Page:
Taggart has plenty of talent at Oregon, he just needs to mobilize and motivate one of the most under-performing programs of 2016. With promising quarterback Justin Herbert entering his sophomore year and the surprising return of senior running back Royce Freeman, the Ducks will be equipped to score plenty of points. After poaching regarded defensive coordinator Jim Leavitt from Colorado, the defense should improve after its nightmare season under Brady Hoke (the Ducks finished 126th in total defense in 2016). With a regarded staff compiled (Taggart lured co-offensive coordinator Mario Cristobal away from Alabama along with Leavitt), the Ducks will be in position to win next year. As Taggart told SI’s Lindsay Schnell, he feels like it’s a rebuild even if the rest of the college football world doesn’t see it as one.
What Taggart should probably avoid is starting flame wars with the press. After three players were hospitalized after a workout, Taggart lambasted reporter Andrew Greif from The Oregonian after what he felt was an unfair characterization of the incident. Taggart later declared that he won’t speak to Greif, the lead Oregon football reporter for the state’s most prominent newspaper. The demanding fan base won’t care much about a media beef if the Ducks win, but starting a petty rivalry with a reporter before is, to say the least, a confusing strategy. (Taggart and Greif have reportedly since resolved their differences.)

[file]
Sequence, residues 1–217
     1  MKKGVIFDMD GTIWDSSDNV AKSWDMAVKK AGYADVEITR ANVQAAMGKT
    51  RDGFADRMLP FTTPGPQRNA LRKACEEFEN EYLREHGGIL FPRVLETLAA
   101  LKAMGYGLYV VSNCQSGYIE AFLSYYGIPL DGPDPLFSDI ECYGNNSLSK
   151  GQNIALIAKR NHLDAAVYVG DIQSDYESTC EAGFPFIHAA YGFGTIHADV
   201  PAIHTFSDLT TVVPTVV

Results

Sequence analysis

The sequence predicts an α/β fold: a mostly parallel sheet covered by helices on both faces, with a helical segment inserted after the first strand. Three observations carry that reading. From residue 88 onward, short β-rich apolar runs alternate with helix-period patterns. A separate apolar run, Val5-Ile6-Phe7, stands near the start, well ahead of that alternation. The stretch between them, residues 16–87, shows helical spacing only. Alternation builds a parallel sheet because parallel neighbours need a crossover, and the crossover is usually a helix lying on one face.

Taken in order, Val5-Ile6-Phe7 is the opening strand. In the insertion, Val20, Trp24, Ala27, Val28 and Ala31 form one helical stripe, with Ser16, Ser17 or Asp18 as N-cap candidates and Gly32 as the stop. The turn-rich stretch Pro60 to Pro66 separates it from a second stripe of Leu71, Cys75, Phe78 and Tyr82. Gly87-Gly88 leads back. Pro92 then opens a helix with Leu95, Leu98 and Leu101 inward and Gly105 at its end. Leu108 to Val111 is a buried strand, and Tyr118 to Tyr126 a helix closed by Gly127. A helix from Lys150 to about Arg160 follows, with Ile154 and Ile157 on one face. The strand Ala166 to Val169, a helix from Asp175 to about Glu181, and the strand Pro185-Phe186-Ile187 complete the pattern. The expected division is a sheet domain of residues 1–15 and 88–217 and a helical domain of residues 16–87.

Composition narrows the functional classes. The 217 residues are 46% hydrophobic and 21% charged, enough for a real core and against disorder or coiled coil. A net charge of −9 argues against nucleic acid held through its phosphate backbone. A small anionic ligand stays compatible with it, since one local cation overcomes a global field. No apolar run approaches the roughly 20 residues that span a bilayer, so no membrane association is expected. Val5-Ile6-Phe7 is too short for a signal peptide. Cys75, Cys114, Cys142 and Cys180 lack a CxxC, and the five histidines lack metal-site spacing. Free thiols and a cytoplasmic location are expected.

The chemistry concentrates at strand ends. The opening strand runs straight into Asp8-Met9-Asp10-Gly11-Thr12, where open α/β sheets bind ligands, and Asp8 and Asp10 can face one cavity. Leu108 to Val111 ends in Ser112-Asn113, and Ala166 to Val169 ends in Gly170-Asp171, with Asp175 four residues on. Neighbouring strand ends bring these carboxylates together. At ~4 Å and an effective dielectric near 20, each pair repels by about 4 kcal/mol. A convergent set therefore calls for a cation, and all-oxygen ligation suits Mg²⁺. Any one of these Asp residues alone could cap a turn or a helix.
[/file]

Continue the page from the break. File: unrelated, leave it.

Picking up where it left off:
Taggart, who has been commonly referred to as “the third Harbaugh brother,” has proven his mettle with excellent turnaround jobs at Western Kentucky and South Florida. If he can motivate the Ducks the same way he did his last two programs, the Ducks could skyrocket in a hurry. If he can’t, and fights everyone he can along the way, disaster may strike quickly.